Now this is where my laziness shows up : I didn't look for specific values of the parameters which conflict with your own formula, but the two expression seem sufficiently different that I am confident there should be. In particular I have a term that is not linear in the $a_i$ so I am almost sure we do not give always the same predictions.

Note that to be perfectly rigorous we cannot choose the parameters completely arbitrarily since the assumption that the optimal strategy for army 2 to attack unit 1 first probably imposes constraints on the parameters.

ADDENDUM : I think your conjecture is more or less based on the assumption that the best strategy is to focus on the weakest units first (or the strongest, depending on how you order your pairs $(a_i, d_i)$). I think it is more complicated than that : it might be best to take care of a heavy hitter first, or if you are sure to die, to take lesser opponents with you to the grave...

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This is also not an answer but I think @Glougloubarbaki is on the wrong track.

For the case of two armies

$S(A) = d_1(a_1+a_2) + d_2a_2$

$S(B) = d_3a_3$

the conjecture is that if $S(B)>S(A)$ then Army B will win with a residual strength of $S(B)-S(A)$ and vice versa. That is

$$d_3a_3 - d_1(a_1+a_2) - d_2a_2$$

If we assume $S(B)>S(A)$ and it attacks $U_1$ first it will destroy $U_1$ after $d_1\over a_3$ seconds and $U_2$ after a further $d_2\over a_3$ seconds. During this period Army A will do damage $(a_1+a_2){d_1\over a_3} + a_2 {d_2\over a_3}$. Therefore its residual strength will be

$$a_3{(d_3-(a_1+a_2){d_1\over a_3} - a_2 {d_2\over a_3})}$$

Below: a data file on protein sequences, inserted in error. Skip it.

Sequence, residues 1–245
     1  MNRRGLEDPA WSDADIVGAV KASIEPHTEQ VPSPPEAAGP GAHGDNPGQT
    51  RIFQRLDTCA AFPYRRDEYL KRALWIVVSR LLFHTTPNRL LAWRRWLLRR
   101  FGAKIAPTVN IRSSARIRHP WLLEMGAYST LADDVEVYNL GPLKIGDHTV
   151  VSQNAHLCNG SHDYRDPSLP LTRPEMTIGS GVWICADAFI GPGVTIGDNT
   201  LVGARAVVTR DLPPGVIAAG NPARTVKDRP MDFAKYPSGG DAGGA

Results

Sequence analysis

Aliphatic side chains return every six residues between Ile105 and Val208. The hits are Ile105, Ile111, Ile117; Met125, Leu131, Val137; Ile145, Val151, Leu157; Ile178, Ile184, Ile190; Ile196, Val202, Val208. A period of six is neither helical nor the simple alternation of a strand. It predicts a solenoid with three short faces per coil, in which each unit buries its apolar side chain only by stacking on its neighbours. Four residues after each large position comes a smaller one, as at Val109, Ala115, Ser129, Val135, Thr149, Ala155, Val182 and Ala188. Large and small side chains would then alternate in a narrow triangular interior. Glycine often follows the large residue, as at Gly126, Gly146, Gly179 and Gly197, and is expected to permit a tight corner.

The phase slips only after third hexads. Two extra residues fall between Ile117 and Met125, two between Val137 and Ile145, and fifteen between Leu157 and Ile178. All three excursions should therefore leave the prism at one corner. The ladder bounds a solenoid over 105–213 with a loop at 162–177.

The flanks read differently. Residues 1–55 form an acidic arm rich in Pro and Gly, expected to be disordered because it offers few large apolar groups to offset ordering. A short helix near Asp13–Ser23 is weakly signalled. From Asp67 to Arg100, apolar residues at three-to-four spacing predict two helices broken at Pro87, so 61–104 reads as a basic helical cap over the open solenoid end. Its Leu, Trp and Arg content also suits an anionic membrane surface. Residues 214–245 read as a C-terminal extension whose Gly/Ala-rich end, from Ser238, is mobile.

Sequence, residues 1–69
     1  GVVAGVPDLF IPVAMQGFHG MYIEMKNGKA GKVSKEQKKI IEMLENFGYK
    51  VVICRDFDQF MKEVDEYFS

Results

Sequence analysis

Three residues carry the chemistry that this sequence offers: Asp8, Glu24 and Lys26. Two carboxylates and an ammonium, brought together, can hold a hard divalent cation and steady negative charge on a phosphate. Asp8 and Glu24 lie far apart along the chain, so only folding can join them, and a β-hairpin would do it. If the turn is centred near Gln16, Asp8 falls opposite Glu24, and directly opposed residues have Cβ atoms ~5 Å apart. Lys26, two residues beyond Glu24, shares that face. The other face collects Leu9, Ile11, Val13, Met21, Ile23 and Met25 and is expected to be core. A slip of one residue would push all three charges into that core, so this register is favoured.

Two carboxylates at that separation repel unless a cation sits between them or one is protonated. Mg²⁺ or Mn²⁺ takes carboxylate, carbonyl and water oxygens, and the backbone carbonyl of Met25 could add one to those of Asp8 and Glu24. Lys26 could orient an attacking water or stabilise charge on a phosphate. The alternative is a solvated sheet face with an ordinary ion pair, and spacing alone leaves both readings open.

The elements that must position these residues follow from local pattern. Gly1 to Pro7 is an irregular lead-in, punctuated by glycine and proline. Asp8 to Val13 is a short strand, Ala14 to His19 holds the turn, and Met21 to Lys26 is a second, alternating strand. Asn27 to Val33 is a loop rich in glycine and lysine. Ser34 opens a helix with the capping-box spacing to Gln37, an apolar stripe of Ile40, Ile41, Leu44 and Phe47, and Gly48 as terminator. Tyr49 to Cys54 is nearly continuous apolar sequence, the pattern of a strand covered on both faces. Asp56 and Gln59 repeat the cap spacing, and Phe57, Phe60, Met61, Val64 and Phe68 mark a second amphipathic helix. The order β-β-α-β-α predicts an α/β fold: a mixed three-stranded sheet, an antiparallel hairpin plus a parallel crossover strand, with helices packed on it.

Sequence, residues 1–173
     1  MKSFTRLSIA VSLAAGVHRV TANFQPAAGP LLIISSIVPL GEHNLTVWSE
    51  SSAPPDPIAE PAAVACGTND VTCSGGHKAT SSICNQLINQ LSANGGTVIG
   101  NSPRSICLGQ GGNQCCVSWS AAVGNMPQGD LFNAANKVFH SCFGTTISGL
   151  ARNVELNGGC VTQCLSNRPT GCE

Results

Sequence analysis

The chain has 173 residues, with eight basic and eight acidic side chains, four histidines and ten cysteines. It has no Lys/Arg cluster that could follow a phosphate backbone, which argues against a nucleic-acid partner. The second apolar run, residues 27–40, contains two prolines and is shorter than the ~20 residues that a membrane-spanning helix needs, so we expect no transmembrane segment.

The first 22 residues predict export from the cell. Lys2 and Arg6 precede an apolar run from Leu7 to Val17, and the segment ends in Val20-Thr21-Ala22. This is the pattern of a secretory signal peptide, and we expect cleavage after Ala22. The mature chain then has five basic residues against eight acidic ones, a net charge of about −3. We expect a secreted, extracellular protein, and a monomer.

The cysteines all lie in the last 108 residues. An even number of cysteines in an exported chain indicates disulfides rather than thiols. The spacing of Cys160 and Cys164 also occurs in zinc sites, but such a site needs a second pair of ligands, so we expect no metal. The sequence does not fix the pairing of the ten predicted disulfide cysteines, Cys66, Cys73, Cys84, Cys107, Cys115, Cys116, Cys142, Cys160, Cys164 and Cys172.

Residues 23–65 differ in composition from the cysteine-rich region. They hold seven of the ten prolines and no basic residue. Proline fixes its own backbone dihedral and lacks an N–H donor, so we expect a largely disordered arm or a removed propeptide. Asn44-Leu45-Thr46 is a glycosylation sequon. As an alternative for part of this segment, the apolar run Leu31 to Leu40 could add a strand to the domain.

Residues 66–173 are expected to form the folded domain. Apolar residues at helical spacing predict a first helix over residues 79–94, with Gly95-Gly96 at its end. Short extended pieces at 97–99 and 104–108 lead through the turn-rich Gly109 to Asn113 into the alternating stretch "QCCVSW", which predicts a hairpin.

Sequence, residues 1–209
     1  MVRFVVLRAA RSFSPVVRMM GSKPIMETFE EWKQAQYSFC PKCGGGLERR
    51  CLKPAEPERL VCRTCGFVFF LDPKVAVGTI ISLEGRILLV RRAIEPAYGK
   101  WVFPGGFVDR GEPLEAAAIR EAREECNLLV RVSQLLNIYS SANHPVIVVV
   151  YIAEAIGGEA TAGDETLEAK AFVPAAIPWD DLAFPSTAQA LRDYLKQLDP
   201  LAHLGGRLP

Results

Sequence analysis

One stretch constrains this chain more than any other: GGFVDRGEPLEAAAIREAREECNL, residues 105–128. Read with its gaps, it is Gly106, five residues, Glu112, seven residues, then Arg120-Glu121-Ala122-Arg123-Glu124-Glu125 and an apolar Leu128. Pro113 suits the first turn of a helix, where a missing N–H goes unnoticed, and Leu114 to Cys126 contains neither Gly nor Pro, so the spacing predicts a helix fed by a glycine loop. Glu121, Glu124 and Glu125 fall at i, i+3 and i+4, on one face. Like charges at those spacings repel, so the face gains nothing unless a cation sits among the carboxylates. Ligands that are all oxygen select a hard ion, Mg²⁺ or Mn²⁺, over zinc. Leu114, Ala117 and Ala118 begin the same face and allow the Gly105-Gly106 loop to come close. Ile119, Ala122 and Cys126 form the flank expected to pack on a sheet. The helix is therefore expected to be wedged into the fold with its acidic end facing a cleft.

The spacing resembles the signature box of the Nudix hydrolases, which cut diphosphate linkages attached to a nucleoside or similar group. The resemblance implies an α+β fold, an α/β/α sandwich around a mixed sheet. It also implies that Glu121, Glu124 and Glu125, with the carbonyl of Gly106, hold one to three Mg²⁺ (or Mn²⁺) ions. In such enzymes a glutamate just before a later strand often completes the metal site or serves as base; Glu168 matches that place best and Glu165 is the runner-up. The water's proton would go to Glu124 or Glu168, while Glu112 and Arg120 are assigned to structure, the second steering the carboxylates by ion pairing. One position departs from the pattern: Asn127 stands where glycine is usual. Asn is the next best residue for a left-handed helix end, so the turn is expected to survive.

expanding gives

$$a_3 d_3-(a_1+a_2)d_1 - a_2 d_2$$

which is the same as the conjecture.

If it attacks $U_2$ first then the damage it suffers is $(a_1+a_2){d_1\over a_3} + a_1 {d_1\over a_3}$ and its residual strength is

$$a_3 d_3-(a_1+a_2)d_1 - a_1 d_1$$

From the ordering defined we know

$${a_1\over d_1} \ge {a_2\over d_2}$$



so the 2nd strategy is demonstrably worse for Army B.

I have no idea how to expand this to more complex cases. Is this susceptible to proof by induction?

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I tried to prove it by finding ways in which a group of units could be said to be equivalent in strength to one - or ways in which one unit was equivalent to an infinite number of units with infinitessimal hp and attack - and do a proof by induction by reducing the armies to equivalent armies of two units and do a proof by induction sort of thing, but I got stumped. Your guess is as good as mine. – Curious Programmer Mar 28 '13 at 20:03
Can it be done for an army of n units versus 1 in the first instance. We have here th case for n=2, if you can prove that if it is true for n it is true for n=n+1 then you have a proof by induction for this. Get that far and we can think about the other side. – Dale M Mar 28 '13 at 23:01
Looking at my answer it needs to be expanded to cover S(A)\gtS(B) and `S(A)=S(B). And then for the induction part, you start with these and add either a weakest unit or a strongest unit - I think either will work since the analysis of any army can be started from either end. Go for the one with the easier maths! – Dale M Mar 28 '13 at 23:09